Around the League
Sixty-four goals. That’s how many regulation goals were scored by the eighteen teams that played last night, an average of 7.11 goals per game and 3.56 goals per team. And that’s not mentioning Alex Ovechkin, Jordan Eberle (first of his career, surprisingly) and Patrick Eaves (!) all scored hat tricks. That’s just ridiculous. How ridiculous? The league-leading Washington Capitals only average 3.30 goals per game.
Doing a recap of last night’s caption would just be too onerous, so I thought I’ve give you guys a chance to waste an hour watching last night’s highlights at work. Thank me later. And, here, why not start with Connor McDavid playing in front of his home crowd:
… And while we’re on the subject of scoring…
As I wrote my little blurb on Steven Stamkos’ recent cold spell (see below), one thought suddenly struck me: Has there ever been another player who could still command the longest and most lucrative contracts in free agency despite coming off one of the worst statistical years of his career?
Through 53 games this season Stamkos has only scored 21 goals and 40 points, including just one goal in his past 10 games, which puts him on pace for 32 goals and 61 points, the lowest per game output since his rookie season. At 26 years old, Stamkos is entering his prime, and given his work ethic, drive and talent, he should be having a monster year.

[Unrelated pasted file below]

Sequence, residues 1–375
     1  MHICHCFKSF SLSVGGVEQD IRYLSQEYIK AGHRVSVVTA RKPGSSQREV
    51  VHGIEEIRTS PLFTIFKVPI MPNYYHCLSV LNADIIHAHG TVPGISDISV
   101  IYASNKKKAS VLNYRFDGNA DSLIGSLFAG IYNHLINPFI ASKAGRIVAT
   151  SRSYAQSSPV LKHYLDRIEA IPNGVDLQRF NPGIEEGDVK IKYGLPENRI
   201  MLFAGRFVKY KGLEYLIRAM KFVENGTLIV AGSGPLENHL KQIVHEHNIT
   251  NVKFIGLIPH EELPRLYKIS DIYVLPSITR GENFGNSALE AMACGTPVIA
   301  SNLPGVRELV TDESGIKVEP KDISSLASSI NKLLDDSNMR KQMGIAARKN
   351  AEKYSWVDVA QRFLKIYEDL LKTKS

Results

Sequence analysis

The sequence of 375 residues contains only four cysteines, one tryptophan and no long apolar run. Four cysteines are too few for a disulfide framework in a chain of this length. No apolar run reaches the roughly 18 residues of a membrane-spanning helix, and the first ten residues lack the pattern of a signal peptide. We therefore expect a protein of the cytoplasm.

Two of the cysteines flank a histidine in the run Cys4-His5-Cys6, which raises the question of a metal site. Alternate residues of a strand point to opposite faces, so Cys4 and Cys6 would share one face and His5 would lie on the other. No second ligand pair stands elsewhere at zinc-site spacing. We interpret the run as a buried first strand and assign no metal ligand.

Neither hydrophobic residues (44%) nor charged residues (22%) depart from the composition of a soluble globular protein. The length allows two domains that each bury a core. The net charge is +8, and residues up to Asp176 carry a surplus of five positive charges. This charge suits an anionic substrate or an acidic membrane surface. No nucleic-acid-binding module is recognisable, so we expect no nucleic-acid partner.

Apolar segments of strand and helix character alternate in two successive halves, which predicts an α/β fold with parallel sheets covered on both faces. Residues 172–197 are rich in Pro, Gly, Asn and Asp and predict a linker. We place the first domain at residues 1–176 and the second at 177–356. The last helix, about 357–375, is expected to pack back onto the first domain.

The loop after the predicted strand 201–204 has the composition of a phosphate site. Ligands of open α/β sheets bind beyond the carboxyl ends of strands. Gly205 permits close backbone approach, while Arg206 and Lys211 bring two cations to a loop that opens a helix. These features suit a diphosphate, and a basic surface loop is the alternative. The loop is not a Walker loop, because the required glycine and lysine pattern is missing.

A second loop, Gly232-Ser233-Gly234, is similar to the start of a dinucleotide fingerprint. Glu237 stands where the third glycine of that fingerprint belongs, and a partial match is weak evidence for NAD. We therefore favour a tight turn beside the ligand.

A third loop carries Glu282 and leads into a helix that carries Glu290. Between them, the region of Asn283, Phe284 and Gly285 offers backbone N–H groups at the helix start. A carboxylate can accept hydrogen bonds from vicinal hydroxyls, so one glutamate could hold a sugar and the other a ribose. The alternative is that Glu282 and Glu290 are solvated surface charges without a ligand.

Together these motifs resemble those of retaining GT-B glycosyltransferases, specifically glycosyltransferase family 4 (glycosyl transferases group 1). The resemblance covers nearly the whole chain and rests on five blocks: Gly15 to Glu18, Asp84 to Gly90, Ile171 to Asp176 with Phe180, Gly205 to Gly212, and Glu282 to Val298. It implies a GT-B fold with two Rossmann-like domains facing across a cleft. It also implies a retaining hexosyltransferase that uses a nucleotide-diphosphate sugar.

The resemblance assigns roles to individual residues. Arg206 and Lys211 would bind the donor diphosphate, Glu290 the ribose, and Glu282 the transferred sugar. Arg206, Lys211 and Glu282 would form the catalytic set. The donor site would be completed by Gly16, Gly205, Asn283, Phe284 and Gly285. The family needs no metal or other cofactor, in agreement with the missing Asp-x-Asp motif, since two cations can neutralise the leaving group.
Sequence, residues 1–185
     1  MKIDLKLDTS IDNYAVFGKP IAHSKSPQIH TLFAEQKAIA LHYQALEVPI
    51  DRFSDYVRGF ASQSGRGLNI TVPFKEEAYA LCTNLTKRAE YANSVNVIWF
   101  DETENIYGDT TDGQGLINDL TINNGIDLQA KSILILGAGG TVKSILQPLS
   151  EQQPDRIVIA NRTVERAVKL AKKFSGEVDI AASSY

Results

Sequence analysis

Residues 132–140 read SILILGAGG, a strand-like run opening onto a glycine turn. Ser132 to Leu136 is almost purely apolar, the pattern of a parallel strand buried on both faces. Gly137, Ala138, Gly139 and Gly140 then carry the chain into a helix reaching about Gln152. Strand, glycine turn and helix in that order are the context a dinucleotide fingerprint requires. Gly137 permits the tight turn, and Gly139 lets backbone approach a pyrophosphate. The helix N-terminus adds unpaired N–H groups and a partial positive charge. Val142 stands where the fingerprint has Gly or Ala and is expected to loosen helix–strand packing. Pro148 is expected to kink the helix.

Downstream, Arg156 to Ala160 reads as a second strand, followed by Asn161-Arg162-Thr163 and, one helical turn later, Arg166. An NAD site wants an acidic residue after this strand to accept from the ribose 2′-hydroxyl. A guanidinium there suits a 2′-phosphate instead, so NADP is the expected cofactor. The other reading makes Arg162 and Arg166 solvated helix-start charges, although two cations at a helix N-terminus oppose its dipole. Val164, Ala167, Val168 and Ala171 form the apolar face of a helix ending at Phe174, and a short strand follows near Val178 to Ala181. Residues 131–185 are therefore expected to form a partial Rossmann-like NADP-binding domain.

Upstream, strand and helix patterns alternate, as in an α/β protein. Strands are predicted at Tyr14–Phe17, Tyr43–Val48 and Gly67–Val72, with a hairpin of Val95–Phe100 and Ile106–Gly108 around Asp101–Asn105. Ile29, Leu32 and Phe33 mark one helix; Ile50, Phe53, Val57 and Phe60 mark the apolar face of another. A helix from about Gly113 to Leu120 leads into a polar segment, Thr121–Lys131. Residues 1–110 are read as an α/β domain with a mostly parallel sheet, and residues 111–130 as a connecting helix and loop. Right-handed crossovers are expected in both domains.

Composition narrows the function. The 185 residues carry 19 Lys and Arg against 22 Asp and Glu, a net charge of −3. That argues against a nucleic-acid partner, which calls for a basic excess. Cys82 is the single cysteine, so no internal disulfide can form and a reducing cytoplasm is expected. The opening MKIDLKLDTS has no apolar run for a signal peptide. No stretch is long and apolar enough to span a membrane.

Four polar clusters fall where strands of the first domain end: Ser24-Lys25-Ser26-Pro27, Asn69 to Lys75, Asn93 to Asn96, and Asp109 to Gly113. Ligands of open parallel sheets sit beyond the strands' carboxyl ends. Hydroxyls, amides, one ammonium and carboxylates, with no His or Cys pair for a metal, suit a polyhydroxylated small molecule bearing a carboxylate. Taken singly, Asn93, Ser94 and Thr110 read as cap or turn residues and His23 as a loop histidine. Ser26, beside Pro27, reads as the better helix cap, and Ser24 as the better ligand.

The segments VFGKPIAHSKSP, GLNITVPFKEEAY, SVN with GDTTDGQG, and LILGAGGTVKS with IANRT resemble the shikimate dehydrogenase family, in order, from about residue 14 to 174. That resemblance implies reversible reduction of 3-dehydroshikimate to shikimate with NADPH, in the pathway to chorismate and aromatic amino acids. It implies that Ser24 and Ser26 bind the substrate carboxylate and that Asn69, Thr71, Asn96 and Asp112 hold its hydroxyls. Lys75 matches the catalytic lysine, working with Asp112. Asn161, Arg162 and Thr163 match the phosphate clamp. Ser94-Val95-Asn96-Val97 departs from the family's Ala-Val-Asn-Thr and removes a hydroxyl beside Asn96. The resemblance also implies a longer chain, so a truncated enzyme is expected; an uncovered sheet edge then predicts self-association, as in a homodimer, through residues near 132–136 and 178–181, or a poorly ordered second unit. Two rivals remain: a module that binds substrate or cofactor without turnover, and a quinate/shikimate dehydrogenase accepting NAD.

Stamkos is a notoriously efficient shooter, unlike Ovechkin who is more of a volume shooter, and he’s shooting just 14.1 percent, again the worst rate since his rookie season and below his career average of 17.0. Yet, come July 1, is there any doubt that Stamkos will get the biggest contract of the summer?
If the notion that players often perform better in contract years is true – and to a certain extent I certainly think it is – then what Stamkos is doing is totally counterintuitive. He’s not the only player who has disappointed, but after breaking his leg and then scoring 43 goals the following season, this should’ve been the year Stamkos really took the “perennial Rocket Richard favorite” title away from Alex Ovechkin. Instead, it’s been the opposite, with Ovechkin and the Caps having the time of their lives while Stamkos and the Lightning continue to navigate through some choppy waters.